What?! Did they brew beer here too? I immediately investigated and a quick Google search revealed that this beer was brewed by Black Edge Brewery in Horwich. I vaguely recall coming across this brewery on one of my virtual crawls last season. I had very much enjoyed their Black Coffee Porter in Cask & Tap on Saturday. And lo and behold if I didn’t have two of their beers on the table in front of me right now (we were amassing quite a selection).
As we discussed our drinking strategy – we opted for bottle sharing, i.e. one bottle, two glasses – our food arrived. And wow!
This was the world famous Lancashire Platter. And my goodness it was delicious! Every single ingredient on this plate was top quality local produce. My especial favourite item was the tomato chutney, which I mopped up every last drop of with my Lancashire Crisps. I had to enquire about it – for I had fallen in love with it – and learned that it came with the pork pies, from Grimes of Cleveleys, across the road. By the time I’d asked, the shop was shut, but I would be making a beeline for it next time I was in town. I need more of that tomato chutney!
There was a deliberate ‘local’ focus here. I hadn’t actually noticed amidst all the excitement of the beer list, but the beers were all from the North West. And there was me thinking I didn’t really like beer from this area (I said as much to someone last week). How foolish of me! Whenever someone says ‘I don’t like real ale/craft beer’ I always tell them they just haven’t found the right one to match their palate yet. So I really ought to have known better. Yes, I do like locally-brewed beer. I liked it very much tonight.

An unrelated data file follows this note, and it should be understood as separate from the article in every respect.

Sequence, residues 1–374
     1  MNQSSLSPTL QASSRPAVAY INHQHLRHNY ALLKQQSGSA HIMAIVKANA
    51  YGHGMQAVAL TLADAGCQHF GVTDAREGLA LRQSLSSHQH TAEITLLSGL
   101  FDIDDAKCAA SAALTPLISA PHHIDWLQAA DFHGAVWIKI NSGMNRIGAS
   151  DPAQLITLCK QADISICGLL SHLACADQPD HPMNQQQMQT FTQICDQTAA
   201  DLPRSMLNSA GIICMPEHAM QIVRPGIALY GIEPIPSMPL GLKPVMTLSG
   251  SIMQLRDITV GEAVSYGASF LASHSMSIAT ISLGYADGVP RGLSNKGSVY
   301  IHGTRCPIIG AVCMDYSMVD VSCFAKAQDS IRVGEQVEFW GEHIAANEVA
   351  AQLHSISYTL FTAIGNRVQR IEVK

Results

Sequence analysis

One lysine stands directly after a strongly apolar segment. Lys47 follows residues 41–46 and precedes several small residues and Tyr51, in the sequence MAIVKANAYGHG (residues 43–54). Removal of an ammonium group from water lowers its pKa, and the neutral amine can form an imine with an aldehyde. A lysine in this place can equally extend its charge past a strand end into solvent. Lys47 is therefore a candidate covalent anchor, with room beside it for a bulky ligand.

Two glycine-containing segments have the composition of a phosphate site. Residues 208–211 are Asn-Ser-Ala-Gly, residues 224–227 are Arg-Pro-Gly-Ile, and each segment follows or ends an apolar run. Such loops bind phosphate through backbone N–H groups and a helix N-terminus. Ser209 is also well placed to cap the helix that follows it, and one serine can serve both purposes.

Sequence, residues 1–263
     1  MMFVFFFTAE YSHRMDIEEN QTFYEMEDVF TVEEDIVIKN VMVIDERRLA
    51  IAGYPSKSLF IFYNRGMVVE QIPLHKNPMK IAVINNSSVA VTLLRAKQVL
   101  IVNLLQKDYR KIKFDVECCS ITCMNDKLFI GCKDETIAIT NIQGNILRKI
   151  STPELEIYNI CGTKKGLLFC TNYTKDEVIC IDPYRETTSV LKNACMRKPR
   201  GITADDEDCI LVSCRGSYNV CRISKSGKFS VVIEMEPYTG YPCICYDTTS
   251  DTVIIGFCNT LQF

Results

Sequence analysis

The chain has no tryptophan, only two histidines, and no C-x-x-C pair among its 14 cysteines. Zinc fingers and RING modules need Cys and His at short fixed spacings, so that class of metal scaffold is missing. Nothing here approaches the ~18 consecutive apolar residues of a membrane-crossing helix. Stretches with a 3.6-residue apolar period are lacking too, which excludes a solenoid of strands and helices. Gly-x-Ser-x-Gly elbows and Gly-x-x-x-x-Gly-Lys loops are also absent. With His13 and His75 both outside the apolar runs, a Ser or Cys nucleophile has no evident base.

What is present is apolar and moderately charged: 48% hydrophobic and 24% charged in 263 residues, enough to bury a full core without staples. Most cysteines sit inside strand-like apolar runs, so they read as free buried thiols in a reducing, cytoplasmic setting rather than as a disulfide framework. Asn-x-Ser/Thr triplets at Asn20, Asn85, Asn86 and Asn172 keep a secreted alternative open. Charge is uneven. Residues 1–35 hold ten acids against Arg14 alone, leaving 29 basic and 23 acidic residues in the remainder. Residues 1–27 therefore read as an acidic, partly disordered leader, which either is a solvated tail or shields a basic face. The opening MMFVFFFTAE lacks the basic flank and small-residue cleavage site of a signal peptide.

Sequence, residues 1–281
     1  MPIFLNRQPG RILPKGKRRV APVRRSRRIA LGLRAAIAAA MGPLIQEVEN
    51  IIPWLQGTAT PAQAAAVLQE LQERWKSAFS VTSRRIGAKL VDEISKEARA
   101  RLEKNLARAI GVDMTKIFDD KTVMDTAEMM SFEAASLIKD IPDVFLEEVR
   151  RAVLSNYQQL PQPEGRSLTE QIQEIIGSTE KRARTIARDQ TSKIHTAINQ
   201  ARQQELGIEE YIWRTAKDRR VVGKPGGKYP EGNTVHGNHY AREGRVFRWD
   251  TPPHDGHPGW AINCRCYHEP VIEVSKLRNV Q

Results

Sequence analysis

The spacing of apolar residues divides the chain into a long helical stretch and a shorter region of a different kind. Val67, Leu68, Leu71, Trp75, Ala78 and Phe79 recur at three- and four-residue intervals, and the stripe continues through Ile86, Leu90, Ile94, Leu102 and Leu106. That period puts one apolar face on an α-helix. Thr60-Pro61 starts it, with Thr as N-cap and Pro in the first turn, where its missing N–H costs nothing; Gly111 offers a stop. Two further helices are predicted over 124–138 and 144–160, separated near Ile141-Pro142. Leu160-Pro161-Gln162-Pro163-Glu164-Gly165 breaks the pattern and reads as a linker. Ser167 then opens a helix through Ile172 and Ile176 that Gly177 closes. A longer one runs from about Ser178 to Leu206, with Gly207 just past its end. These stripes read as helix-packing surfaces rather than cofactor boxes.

In case you didn’t know, there was a shipwreck on the beach here at Cleveleys in 2008, when the Riverdance ran aground. On the walls of the bar are photographs and blurbs on this shipwreck and a couple of others, including a piece of timber from one of them.
As a couple of young lads walked in and nervously approached the bar, whispering to each other, I thought they couldn’t possibly expect to get served? It turned out they were enquiring after work – albeit somewhat half-heartedly, as they didn’t have their CVs with them.
Before it got dark, I made a point of checking out the beer garden out back (this place was a proper warren).
But what did we have to drink? Well, dear reader, we had everything!
We ended up depleting the fridge of the Gingerbread Milk Stout (what was it doing in a fridge anyway?) and, what we couldn’t drink on the night, I took home to enjoy later.
We engaged in beer and pub chat with the barman and learned of a new micropub in Thornton called Albatross, which warrants further investigation (watch this space).
Well, so much for our pub crawl; we hadn’t managed to leave Shipwreck. I guess it is only fitting that this pub is the ultimate Crawlwrecker. There is no other pub with a beer selection anything like this on the Fylde Coast. This is a little gem of a place and I love it so very, very much.
Lee collected me around 2230 and I belted out Total Eclipse Of The Heart in the car (in my defence, it was on the radio) before passing out in bed for a very good night’s sleep – and a dream that I was being transformed into a Dalek.